Electricity

CHARGE IS FUNDAMENTAL

Electric charge is a fundamental property of some
particles of matter, such as electrons and
quarks. The polarity of an electric charge can be either
positive or
negative.
The electron has one unit of negative charge.
The
proton,
made up of three charged quarks, has one net positive charge.
Charges come with a surrounding
electric field
that pulls on opposite charges and pushes like charges away.
Electrons are very lightweight and energetic and the electric
force pulls them into orbits around the more massive protons.
Protons, meanwhile, clump together with other protons, and also with
neutrons (three quarks whose combined charge is
zero). The protons and neutrons form a nucleus
held together by the
nuclear not the electromagnetic force.
A positive nucleus and its negative electron cloud is called an atom.
Atoms, themselves, bond electromagnetically (chemically) with other atoms, creating
even larger structures.
Tennis balls bounce,
buildings stand, and aspirin thins the blood, all thanks to
electromagnetic forces.
The
math symbol for charge is q (from the
17th  18th century term
"Quantity of electricity"). Its unit of
measurement is the coulomb, abbreviated C
(capital C because Coulomb was a person).
1C is the combined charge of about 6¼ billion billion electrons.
An alkaline AA battery supplies about 5,000C of charge over its useful life
while an average bolt of lightning supplies only around 15C of charge!

MOVING CHARGE IS CURRENT

In the periodic table of the elements, the metals have
electrons that are delocalized. That is, they're not
associated with a single atom or chemical bond.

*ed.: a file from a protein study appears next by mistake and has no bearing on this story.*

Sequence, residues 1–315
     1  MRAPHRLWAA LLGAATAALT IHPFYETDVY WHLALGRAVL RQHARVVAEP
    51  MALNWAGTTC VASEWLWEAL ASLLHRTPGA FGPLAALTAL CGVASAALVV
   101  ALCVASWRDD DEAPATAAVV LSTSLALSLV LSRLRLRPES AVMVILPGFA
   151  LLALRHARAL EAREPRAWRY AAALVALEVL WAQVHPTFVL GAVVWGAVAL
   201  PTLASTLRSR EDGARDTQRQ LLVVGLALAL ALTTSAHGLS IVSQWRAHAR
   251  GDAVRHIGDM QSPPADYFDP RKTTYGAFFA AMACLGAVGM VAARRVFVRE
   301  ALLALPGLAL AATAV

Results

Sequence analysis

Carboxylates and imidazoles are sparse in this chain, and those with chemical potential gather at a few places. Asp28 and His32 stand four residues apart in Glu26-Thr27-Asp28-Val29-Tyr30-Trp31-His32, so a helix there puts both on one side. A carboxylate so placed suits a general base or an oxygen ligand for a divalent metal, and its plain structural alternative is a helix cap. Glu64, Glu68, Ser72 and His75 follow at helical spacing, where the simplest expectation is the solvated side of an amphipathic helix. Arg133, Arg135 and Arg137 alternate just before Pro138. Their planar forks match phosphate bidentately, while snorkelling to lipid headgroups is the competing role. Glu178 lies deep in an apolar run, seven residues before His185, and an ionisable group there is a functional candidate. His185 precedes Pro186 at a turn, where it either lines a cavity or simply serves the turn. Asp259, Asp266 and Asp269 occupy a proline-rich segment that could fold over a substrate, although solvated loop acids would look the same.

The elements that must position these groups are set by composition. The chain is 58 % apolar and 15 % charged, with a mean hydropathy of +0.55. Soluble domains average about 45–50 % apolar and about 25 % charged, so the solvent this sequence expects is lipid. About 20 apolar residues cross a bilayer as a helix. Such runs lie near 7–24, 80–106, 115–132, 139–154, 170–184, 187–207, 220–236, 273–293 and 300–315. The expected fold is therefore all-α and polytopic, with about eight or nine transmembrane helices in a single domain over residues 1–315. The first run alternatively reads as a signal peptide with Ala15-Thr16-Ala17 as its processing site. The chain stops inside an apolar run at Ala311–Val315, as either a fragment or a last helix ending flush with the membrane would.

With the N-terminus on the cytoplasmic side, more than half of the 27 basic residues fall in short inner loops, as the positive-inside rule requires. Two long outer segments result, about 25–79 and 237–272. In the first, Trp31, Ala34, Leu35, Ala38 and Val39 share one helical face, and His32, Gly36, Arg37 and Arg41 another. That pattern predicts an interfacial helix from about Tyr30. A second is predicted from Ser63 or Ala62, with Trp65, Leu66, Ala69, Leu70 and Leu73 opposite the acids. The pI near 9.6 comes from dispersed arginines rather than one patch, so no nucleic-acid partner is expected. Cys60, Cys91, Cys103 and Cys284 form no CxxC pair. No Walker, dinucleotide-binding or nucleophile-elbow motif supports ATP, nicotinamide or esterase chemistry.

Metals are a 3D lattice of positive ions (atoms with an
extra proton in the nucleus) sitting in a "sea" of mobile electrons.
Electrons can flow en masse through a metal much like
water flows through a sieve. Flowing charge is called
current
and materials that support current, like metals, are conductors.
The unit of measurement for electric current is
the ampere, or amp, abbreviated A (capital A because Ampère was a person).
The math symbol for current is I
from the French phrase "Intensité de courant".
1A is the passage of 1C in 1 second (t)
:
I = q/t
Wellknown metals include copper, tin, nickel, silver and gold.
Materials that don't allow electron flow are called insulators. Insulators include wood, rubber,
ceramics, plastic and glass.

SEPARATED CHARGE IS VOLTAGE

The force behind electrical attraction and repulsion is called the
electromotive force (emf) because, like all forces, it
has the potential to change an object's motion by transferring energy to it.
The standard unit of measurement for energy (math symbol E) is the
joule, abbreviated J (capital
J because Joule was a person).
Potential energy rises when oppositely charged particles
are separated just as it does when an apple is lifted from the earth.
The potential energy arises from the energy spent in separating the
charges or lifting the apple.
Voltage (math
symbol V) is the potential stored by
separated charges per unit charge.
V = E/q
The unit of measurement for voltage is the volt, abbreviated V